Painting or cladding the garden store to match surrounding garden fence ideas and walls is a simple way to create continuity. In this stunning garden scheme, a lack of front facing windows and a flush profile merges the store into the planting, so it becomes a blank canvas to show off the stately olive tree.
Head over to our feature on the best trees for small gardens to find the right pick for your outdoor space.
8. Utilise wasted space
Garden structures often eat up space but look carefully as, with a little tweaking, they can provide storage opportunities too. Clever garden steps ideas, raised decking ideas, built-in bench seating and retaining garden wall ideas can all incorporate handy nooks perfect for stashing away items such as BBQs, folding chairs, tables and parasols. Yes, these spaces may be unconventional shapes, but they are often large and roomy offering the perfect spot to stash your garden essentials.
9. Squeeze in a shed
The best sheds come in all shapes and sizes, offering endless amounts of storage but sometimes even the smallest off-the-peg design can be too imposing for a tiny outdoor space. The solution is to adapt a bought or existing model to suit your needs and garden layout. Or, if you are feeling handy, create one from scratch.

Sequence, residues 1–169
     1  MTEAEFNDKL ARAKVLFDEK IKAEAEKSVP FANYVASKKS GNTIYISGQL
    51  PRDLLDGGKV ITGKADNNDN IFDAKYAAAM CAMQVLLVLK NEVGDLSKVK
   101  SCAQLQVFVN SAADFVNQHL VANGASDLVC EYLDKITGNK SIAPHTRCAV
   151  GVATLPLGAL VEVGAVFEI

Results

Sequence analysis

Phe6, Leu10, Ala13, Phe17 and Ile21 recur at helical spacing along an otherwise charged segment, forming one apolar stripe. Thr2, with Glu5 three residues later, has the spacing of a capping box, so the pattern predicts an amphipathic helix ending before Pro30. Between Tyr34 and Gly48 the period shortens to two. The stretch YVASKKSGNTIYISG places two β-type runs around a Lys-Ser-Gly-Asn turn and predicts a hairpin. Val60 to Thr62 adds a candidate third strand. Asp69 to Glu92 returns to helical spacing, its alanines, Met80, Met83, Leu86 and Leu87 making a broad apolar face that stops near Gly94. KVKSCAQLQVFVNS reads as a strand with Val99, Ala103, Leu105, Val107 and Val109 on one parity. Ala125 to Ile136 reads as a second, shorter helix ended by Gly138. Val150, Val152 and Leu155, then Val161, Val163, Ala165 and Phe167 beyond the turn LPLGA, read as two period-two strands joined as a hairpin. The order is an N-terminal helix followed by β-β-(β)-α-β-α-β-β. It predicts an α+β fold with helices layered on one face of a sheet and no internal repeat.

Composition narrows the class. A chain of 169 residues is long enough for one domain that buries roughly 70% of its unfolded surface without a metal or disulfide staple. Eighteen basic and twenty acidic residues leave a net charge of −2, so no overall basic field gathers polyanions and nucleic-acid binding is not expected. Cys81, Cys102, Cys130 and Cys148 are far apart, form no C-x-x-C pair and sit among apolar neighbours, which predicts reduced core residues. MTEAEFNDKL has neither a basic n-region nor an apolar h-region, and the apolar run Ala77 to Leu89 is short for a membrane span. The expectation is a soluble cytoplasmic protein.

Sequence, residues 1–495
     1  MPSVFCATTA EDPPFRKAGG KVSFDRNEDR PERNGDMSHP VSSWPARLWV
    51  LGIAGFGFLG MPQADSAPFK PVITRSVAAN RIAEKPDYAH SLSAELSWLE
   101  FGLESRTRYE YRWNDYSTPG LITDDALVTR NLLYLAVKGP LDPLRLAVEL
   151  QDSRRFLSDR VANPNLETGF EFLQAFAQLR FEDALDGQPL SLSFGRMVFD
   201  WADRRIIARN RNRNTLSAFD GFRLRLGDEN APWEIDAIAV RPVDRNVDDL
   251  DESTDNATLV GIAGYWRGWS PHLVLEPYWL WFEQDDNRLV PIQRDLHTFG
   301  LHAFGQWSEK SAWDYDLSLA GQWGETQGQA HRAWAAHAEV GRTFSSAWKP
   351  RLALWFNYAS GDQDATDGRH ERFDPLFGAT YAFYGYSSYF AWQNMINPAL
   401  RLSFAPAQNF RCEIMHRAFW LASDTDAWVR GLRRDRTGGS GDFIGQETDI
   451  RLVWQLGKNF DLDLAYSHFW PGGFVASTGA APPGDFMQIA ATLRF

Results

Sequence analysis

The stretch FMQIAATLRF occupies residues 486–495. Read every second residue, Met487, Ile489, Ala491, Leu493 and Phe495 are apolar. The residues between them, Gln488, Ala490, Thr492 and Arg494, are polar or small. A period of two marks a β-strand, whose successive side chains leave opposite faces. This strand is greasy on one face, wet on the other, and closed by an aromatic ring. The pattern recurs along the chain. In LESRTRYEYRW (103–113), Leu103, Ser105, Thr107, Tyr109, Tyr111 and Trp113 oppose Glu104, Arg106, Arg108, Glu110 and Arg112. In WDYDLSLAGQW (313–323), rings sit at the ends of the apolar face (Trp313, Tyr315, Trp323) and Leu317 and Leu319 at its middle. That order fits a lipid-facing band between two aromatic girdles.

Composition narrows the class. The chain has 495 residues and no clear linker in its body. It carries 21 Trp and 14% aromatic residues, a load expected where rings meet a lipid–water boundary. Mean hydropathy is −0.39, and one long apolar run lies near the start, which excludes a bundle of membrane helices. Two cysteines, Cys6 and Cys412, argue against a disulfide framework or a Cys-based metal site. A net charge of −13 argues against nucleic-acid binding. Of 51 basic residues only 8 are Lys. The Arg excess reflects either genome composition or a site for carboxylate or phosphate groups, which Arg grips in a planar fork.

Think about how you want to use the storage space – is it for housing bikes, long, thin garden tools or bulky toys, as this will help you decide on the dimensions and best location. Reduce the structure by cutting down the panels and securing any loose boards with timber battens. Upgrade features such as doors and windows with reclaimed materials and paint to blend in with surrounding walls and planting, You'll find the best exterior wood paint for your project in our buying guide.
10. Snap up a seat with storage
If you’re on the hunt for a super stylish new bench, then why not go for one with storage built in? Choose from designs with lift up seats or a series of drawers, ideal for keeping cushions, throws or smaller accessories neat and tidy, ready for the moment they are needed. They're a great way to make the most of your outdoor living space ideas and keep everything clutter free.
11. Organise your work area
Whether you are super neat or you long to be, here’s the secret for keeping sheds and garden rooms organised, the humble pegboard. Loved by shopfitters, DIY enthusiasts and crafty types alike, it’s easy to keep everything in its place and spot what’s been borrowed too. Pick one up online – there are numerous specialist companies out there that also sell extras such as shelves, hanging pots and slot-in racks that are compatible with their systems. Alternatively make one yourself using timber board, wood pegs, tape measure and a drill.